Month: October 2016

Non-Conventional Air Terminals: Too Good to be True

Air terminals, also known as strike termination devices (STDs (yes, really)) and formerly known as lightning rods, have some new, non-conventional air terminals coming out that claim to either attract lightning to a certain point or avert a lightning strike in a protected area. The goal of these new products is to reduce the amount of money spent on time and material. Another advertised plus is that these new air terminals increase aesthetics because there are fewer metal objects randomly sticking off buildings.

┬áNon-Conventional Air Terminals Don’t Work as Advertised.

An air terminal is a device that terminates the lightning strike, hence the term ‘strike termination device.’ From the air terminal, the lightning travels through aluminum or copper cable that carries the charge to the downrod and into the ground, averting dangerous charges from the structure being protected. An air terminal neither attracts nor averts electrical charge from the lightning strike.

These non-conventional air terminals have been tested time and time again, and, according to Electrical Business Magazine and the Lightning Protection Institute, “Unfortunately, the considered opinion of almost all independent scientists and public safety authorities is…using non-standard products do not provide the advantages claimed.” Non-conventional air terminals have been tested at the University of Florida and the data do not support the claims of the manufacturers making them.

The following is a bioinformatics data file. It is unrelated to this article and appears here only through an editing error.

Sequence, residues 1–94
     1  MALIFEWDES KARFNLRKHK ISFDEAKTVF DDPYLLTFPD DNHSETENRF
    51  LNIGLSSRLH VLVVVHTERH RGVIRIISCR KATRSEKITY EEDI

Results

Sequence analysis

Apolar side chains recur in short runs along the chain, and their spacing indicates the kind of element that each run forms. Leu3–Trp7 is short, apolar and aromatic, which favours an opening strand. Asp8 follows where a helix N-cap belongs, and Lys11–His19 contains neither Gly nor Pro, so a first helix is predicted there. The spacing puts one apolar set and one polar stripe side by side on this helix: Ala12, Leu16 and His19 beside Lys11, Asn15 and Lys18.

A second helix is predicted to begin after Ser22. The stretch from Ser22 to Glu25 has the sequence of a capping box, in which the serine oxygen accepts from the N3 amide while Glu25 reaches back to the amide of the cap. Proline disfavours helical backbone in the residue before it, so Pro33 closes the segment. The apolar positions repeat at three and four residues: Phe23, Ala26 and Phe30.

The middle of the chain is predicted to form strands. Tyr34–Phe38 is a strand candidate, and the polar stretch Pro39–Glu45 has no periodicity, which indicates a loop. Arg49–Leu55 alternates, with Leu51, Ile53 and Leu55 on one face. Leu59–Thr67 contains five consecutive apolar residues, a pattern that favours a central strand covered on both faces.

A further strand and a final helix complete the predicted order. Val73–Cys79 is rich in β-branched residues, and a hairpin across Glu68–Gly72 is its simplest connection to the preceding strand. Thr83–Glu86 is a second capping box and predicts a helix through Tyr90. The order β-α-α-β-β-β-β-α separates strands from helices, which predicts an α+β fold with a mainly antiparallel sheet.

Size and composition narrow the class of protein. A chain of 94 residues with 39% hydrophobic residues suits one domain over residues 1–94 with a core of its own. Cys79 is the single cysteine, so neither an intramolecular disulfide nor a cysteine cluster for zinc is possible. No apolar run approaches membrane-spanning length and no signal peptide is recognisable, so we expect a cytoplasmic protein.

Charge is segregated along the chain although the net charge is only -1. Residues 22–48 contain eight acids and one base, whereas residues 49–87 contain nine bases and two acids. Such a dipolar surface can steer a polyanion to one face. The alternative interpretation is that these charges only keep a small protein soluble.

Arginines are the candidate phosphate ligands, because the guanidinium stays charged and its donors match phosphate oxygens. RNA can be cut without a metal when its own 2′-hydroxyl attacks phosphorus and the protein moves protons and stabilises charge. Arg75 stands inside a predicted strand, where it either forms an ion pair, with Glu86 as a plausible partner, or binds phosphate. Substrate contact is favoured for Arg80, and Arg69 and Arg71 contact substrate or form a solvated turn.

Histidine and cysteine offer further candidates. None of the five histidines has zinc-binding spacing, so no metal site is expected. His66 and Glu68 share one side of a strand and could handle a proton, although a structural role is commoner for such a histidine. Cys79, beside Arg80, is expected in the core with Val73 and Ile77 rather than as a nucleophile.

Current theories state that there is no way to truly attract or avert a lightning strike. The only way to protect a structure is to protect the areas specified in the UL96a, NFPA 780, and LPI 175 with a conventional air terminal.

Don’t let someone try and put a non-conventional air terminal on your home. If you prefer something more aesthetically pleasing than a traditional air terminal, ask to see a catalog of decorative air terminals that fit within the code.

CSST Precautions

Last month, the Lightning Protection Institute (LPI) and the National Association of State Fire Marshals (NASFM) joined forces to spread awareness about the dangers of lightning causing house fires. One of the most common ways lightning causes house fires is through corrugated stainless steel tubing (CSST). According to CSSTSafety.com, Corrugated Stainless Steel Tubing is a flexible stainless steel pipe used to get gas through your house to a gas log system in a fireplace or gas appliances. CSST came out in the 1990’s and has been used on several homes since then because it has fewer potential places to leak and it is also easier to use for the installer. As of 2012, 7 million homes in the United States had Corrugated Stainless Steel Tubing installed.

What Does CSST Have to do With Me?

Good question. Unfortunately, the walls in CSST are thin and susceptible to lightning damage. The high charge can perforate the walls and cause leaks, which, combined with an electric charge, can cause quite a fire. If your home has Corrugates Stainless Steel Tubing installed, your house is at risk for a lightning surge to cause a house fire. Because of this, the LPI and NASFM have joined together to raise awareness and to increase product standards.

“Hazardous outcomes with CSST have already prompted a class action settlement, law suits, a NFPA review, and public awareness campaign,” according to LPI Executive Director Bud VanSickle.

What Can We Do?

The best way for a lightning protection installer to protect your house is to bond your lightning protection system to the Corrugated Stainless Steel Tubing that is already installed in your house. While it doesn’t guarantee that the surge won’t make it into your home, it will greatly reduce the chances of the surge getting in.

You can also support the LPI and the NASFM in their efforts to raise the ANSI LC1 product standard to make CSST less susceptible to lightning.

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